School board approves budget, but council plans audit

Interim Supt. Ralph Iassogna, shown here during his tenure as acting Brookfield supt.

Interim Supt. Ralph Iassogna, shown here during his tenure as acting Brookfield supt.

Carol Kaliff / Carol Kaliff

TRUMBULL —The Trumbull Board of Education has approved a budget request for the 2020-21 fiscal year, but the fallout from the school system’s budget deficit seems certain to continue for months.

At a Feb. 20 special meeting, the school board approved a $110.97 million budget proposal for next year. That is a 4.56 percent increase from the current year’s $106.11 million allotment.

But even if First Selectman Vicki Tesoro, the Board of Finance and the Town Council leave that number intact, the result will be a school budget that does not even reach status quo levels because of a $2 million budget shortfall uncovered last month in the current 2019-20 budget.

“We know the budget is far from perfect, and it was very painful putting it together because we had to reluctantly include some items (on the cut list) because there were very few options,” said Interim School Supt. Ralph Iassogna. “The process was so complicated that the usual approaches were not viable.”

The budgeting problem was compounded because the shortfall was uncovered shortly after former Supt. Gary Cialfi took early retirement in January — after submitting a 2020-21 budget proposal but before the board began its hearings. Iassogna, who was Cialfi’s predecessor, is acting as superintendent until the board can hire a permanent replacement.

“Originally, Dr. Cialfi presented a 3.51 percent increase, but because the previous year had some inaccuracies in it we had to increase that,” Iassogna said.

The inaccuracies in the current school budget included some accounts that were unfunded for two years, he said.

At a Feb. 18 special meeting, Iassogna told the board that the current budget situation was “the most severe issue I’ve ever faced” in his career. In fact, as he and interim Business Administrator Allan Cameron delved into the numbers, he described the situation as “almost robbing Peter to pay Paul.”

To close the shortfall, Iassogna and the school administrators made a series of cuts that included three technology support positions; leaving unfilled the job of Assistant Superintendent Mike McGrath, who left to take a position with Cooperative Educational Services; phasing out a special education transit van that serves only one student, and trimming about 10 percent from the athletics coaching staff. The administration also cut $20,000 from the system’s professional development budget, reduced the tuition budget for the Fairchild Wheeler Magnet School and cut textbook procurement to a minimum.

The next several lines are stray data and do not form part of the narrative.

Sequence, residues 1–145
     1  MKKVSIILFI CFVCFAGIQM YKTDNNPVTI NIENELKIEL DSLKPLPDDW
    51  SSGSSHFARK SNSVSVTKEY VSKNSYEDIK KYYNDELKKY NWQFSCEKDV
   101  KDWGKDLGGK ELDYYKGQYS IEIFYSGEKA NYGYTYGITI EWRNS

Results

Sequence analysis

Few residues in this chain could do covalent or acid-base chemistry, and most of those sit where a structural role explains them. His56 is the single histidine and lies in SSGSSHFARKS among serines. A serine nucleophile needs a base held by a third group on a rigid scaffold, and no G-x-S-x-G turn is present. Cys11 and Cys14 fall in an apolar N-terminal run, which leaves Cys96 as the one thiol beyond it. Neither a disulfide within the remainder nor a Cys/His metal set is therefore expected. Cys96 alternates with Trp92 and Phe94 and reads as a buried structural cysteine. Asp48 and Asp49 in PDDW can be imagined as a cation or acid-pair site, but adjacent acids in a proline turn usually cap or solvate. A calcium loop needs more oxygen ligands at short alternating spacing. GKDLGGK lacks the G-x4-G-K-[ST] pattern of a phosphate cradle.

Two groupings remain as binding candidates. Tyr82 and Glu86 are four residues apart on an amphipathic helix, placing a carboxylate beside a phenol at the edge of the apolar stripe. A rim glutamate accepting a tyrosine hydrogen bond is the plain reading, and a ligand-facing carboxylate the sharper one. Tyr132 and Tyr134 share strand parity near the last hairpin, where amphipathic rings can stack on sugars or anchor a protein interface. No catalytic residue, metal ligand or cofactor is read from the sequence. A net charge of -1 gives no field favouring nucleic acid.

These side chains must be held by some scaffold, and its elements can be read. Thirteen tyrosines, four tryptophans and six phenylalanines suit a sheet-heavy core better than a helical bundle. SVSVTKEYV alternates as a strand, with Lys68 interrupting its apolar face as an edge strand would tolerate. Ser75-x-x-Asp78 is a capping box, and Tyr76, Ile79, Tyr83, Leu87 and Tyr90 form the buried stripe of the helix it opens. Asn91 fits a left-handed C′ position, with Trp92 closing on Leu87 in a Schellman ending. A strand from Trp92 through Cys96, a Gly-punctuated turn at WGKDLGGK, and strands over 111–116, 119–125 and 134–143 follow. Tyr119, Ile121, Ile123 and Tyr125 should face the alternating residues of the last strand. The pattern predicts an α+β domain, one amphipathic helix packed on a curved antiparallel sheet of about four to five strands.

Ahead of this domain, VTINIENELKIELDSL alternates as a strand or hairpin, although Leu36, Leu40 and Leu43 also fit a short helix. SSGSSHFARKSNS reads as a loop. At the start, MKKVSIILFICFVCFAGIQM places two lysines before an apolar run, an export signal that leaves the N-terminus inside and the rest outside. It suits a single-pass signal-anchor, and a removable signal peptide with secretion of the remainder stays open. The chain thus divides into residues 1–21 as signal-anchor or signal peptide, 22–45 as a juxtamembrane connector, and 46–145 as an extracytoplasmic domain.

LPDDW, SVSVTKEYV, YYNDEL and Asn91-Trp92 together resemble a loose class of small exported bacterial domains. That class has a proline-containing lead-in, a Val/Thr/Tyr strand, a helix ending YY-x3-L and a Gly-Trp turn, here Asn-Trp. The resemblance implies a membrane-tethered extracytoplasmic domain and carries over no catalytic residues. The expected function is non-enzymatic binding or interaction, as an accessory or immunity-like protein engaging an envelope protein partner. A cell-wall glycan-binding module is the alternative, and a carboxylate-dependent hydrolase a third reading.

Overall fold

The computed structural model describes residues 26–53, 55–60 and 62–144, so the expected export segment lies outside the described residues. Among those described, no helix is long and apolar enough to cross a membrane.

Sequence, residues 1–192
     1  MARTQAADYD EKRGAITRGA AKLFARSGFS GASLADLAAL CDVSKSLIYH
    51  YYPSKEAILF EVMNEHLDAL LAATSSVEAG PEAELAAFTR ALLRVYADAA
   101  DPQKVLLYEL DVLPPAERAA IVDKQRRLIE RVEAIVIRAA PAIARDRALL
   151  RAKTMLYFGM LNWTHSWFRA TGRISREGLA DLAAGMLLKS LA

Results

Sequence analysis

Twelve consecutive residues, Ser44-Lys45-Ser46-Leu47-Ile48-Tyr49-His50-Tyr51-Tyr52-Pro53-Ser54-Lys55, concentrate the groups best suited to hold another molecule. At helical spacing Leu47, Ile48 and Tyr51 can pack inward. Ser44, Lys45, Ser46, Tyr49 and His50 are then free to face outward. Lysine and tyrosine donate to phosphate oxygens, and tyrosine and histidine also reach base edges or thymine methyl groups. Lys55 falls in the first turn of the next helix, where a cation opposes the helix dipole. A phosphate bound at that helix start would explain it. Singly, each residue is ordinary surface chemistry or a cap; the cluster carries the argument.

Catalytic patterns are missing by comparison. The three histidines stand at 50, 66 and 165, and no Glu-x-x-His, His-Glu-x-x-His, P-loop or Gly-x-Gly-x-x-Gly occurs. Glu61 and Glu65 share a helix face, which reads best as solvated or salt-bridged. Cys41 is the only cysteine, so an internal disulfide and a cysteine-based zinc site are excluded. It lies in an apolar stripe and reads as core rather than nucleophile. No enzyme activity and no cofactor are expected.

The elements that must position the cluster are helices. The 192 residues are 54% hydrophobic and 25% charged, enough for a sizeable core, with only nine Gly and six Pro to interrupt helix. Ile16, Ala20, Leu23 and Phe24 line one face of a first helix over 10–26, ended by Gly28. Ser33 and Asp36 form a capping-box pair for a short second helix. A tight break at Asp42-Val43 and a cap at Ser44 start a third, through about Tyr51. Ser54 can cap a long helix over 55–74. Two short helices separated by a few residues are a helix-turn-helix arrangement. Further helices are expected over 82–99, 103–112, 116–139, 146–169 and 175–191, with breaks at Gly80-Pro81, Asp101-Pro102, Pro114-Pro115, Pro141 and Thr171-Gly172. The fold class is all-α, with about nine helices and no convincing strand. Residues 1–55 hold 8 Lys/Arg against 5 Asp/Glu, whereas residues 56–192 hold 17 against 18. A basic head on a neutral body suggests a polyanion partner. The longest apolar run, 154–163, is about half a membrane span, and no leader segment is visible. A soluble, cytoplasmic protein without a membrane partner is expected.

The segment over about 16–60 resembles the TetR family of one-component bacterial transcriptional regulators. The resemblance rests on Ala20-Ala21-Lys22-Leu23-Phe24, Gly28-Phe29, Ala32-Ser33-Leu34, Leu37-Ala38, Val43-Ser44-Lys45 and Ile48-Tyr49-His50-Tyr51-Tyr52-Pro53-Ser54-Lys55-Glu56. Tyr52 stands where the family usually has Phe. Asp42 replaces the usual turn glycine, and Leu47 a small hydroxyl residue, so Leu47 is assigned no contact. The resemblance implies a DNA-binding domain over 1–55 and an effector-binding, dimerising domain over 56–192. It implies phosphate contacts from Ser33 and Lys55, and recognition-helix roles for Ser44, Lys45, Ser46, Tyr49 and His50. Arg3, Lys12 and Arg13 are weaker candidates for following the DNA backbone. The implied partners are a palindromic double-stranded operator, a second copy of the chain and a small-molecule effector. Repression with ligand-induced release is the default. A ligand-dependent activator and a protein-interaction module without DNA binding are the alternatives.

Iassogna described the reductions as “painful and anguishing,” although it could have been much worse, he said.

“We got a reprieve just a few hours before the board meeting when we found out from the state that our health insurance rate was much lower than anticipated,” he said. “We had budgeted a 10 percent increase, and they said it was actually 6.5 percent. That allowed us an extra $500,000, and because of that, we were able to add back 25 kindergarten paraprofessionals, 4.5 reading specialist positions and 2.6 math specialists.”

That last-minute cash influx could mean the difference between painful cost reductions and a school system that is significantly diminished, Iassogna said.

“If you lost 25 kindergarten paras, that’s a significant impact,” he said.

When the board made its final vote to approve Iassogna’s revised recommended budget, applause broke out among the estimated 200 parents at the meeting. Iassogna said he found the claps surprising but gratifying. He attributed the reaction to the schools’ disclosing the full extent of the problem and addressing it head-on while attempting to minimize the effect on students.

“I was very, very appreciative that the audience felt that the facts had been given in a transparent way,” he said.

But the passage of the budget does not mean the schools’ budget problem is a thing of the past.

Tesoro, who expects to submit her municipal 2020-21 budget proposal March 2, described the school budget situation as being between a rock and a hard place. The town has no line-item control over the school budget, so Tesoro can only make a bottom line cut, which the board would then have to implement.

“The school system is a pillar of our community. I understand that, and I’m dedicated to keeping it that way,” she said. “But we can’t afford everything. I have an obligation to all the taxpayers.”

Town Council Chairman Mary Beth Thornton said the council had approved funding an independent audit of the school budget.

“I would like to get that done ASAP and get a definitive answer,” she said.

Even if the council hires an auditor that starts work immediately, though, she said it was unlikely there would be any answers on how the school budget shortfall happened before the end of the current budget year.